Class 1 + 2: Type A personality - problems and solutions Flashcards Preview

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What are Koch's 3 postulates? (What makes an agent causal?)

1. The agent is found in subjects with the disease (e.g. CHD patients have Type A personality)

2. Adding the agent to healthy patients causes them to develop the disease (e.g. Type A patients are more likely to develop CHD)

3. Remove it from patients and the disease goes away (e.g. Teach CHD patients to relax and their mortality risk goes down)


What is the psychosomatic approach? Why did it fail?

Psychosomatic approach:
- Proposal that patients develop certain diseases because of specific psychological conflicts

Why it failed:
- No prospective studies (didn't have a healthy group of people to compare it with)
- Use of psychoanalytic interviews - data was subjective, and large-scale sample is not feasible/too expensive!


How do we test Koch's postulates to assert that Type A predicts CHD incidence?

Koch's #1: Establish that Type A personalities are common in CHD populations

Koch's #2: Follow a healthy population longitudinally, see if the people of Type A personality are more likely to develop CHD


What are some tools that can be used to assess Type A behavior?

1. Structured interview - clinical assessment (looks at answers and behaviors of patients)

2. Jenkins Activity Survey (JAS) -- questionnaire


What were the results of "The Pioneering Western Collaborative Group Study"?

(First study that established link between Type A personality and CHD incidence)
- Those with Type A personalities were more likely to develop a wide host of life-threatening illnesses (CHD, myocardial infarctions)

- Controlling for other risk factors like blood pressure, smoking and cholesterol, Type A personality STILL predicted CHD incidence!


What were the results of the MRFIT study?

- Used the standard interview method
- Found that when we use Type Bs as the reference group, the relative risks of Type As are NOT significant.


What did Jim Blumenthal find when he gave Cook-Medley Hostility questionnaire to coronary angiography patients he was doing Type A Structured Interviews on?

- Type As had more severe atherosclerosis

- Specifically, higher hostility scores were correlated with CAD severity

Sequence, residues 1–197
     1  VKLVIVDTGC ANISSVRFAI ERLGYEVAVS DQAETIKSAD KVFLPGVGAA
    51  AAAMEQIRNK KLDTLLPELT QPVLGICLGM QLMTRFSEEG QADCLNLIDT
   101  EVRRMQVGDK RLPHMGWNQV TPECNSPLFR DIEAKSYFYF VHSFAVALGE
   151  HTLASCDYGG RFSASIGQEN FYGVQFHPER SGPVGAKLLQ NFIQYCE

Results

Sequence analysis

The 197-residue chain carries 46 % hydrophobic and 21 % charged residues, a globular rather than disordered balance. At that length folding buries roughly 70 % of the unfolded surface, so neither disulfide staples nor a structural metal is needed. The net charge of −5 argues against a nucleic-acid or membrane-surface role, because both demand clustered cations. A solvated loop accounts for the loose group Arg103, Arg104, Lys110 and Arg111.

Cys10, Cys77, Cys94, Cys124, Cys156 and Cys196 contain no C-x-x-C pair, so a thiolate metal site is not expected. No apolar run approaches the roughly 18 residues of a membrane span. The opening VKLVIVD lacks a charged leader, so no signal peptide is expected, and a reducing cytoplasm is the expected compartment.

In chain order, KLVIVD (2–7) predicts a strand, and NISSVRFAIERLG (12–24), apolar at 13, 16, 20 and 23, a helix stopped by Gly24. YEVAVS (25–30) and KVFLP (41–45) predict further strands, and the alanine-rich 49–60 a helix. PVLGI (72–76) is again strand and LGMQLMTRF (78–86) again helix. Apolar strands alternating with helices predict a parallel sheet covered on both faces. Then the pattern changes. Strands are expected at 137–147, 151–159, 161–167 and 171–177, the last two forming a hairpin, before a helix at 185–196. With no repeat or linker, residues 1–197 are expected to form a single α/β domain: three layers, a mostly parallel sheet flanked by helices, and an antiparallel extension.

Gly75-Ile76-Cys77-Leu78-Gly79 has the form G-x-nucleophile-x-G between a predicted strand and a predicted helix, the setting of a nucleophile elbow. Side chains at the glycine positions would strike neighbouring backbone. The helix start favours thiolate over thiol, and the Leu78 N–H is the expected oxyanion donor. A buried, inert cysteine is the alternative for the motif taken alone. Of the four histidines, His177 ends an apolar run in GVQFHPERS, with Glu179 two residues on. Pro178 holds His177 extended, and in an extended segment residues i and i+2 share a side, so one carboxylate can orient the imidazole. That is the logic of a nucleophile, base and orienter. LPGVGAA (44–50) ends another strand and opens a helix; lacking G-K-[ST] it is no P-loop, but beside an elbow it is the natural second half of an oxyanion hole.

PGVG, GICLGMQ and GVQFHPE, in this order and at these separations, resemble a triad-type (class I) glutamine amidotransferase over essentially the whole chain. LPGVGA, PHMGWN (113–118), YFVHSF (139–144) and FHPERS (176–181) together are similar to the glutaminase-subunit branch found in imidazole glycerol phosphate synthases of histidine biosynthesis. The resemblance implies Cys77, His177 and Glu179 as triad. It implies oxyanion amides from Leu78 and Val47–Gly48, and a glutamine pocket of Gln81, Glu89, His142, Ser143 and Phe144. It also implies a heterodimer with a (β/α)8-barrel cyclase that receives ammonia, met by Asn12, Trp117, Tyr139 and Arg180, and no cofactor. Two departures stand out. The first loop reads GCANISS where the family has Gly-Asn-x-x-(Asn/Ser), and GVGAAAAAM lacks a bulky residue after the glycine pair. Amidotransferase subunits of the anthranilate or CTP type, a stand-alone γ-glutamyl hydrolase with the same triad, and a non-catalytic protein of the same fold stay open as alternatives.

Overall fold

What were the findings of the "Interview-assessed Hostility and CAD in Healthy USAF Air Crew" study?

Higher hostility scores were associated with higher CAD incidence in non-smokers, but not in smokers.

- Because smoking in itself is a strong predictor of heart disease, and hostility doesn't affect it much more!


What were the findings of the "Interview-assessed Hostility, Anger-In and CAD in CHD Patients" study?

Those who had high tendency to direct anger inward had higher CAD (coronary artery disease) severity!


What were the findings of the "Hostility and Coronary Artery Calcification" study?

- High hostility scores at baseline were associated with: lower education level, higher alcohol use, current smoking, and a smaller fall in SBP over 5 years.

- Higher hostility scores associated with higher CA calcification. Controlling for potential confounders had little effect on these odds ratios.

- All genders and races are subject to the same risks - The effects of Ho scores to increase calcium scores were not different in men and women, nor in blacks and whites.

- Hostility scores predict mortality up until a score of 10, then levels off.


Is there a faster way to test Koch's Postulate #2 without finding a massive sample and conducting a longitudinal study?

Yes - use a study that has already been done

--> The Western Electric Study measured hostility scores
- This study showed similar results to findings in calcification study = mortality rises up until hostility score of 10, then levels off.


What did researchers find when they measured hostility scores of physicians who were 3rd year medical students, and followed up after 20-25 years?

Those who had hostility scores above 13 had a much higher chance of developing heart disease 20-25 years later.

- This was a group of healthy doctors!


What did researchers find when they measured hostility scores of lawyers in their 2nd year of law school, and followed up after 20-25 years?

Once again, higher hostility = higher mortality!


What did the study "Anger Proneness and CHD Risk" find? Specifically, were normotensives more or less likely than hypertensives to develop CHD?

CHD risk increased monotonically with increasing trait anger only among normotensive individuals, with HR of 2.69 (95% CI=1.48-4.90); no effects of anger were found among hypertensives.

*Similar to airforce crew finding, where the effect of high hostility scores only predicted higher CHD prevalence in non-smokers
- Negative traits such as anger and hostility have bigger health implications if you don't have other risk factors, such as smoking or hypertension!


What did researchers find when they measured hostility and mortality in CAD Patients Aged <61 Years?

Even in patients who already had heart disease, hostility still predicted greater mortality rates!


How does hostility affect other aspects of a person's life?

Affects quality of a career -
(Rigidity, poor relationships, poor self-control, defensiveness, poor social skills)


What are the factors that are critical for success, especially in the higher levels of a career?

- Managers listed social and emotional skills are more valuable than IQ or technical expertise!

- The higher level the job, the more important emotional skills were to success!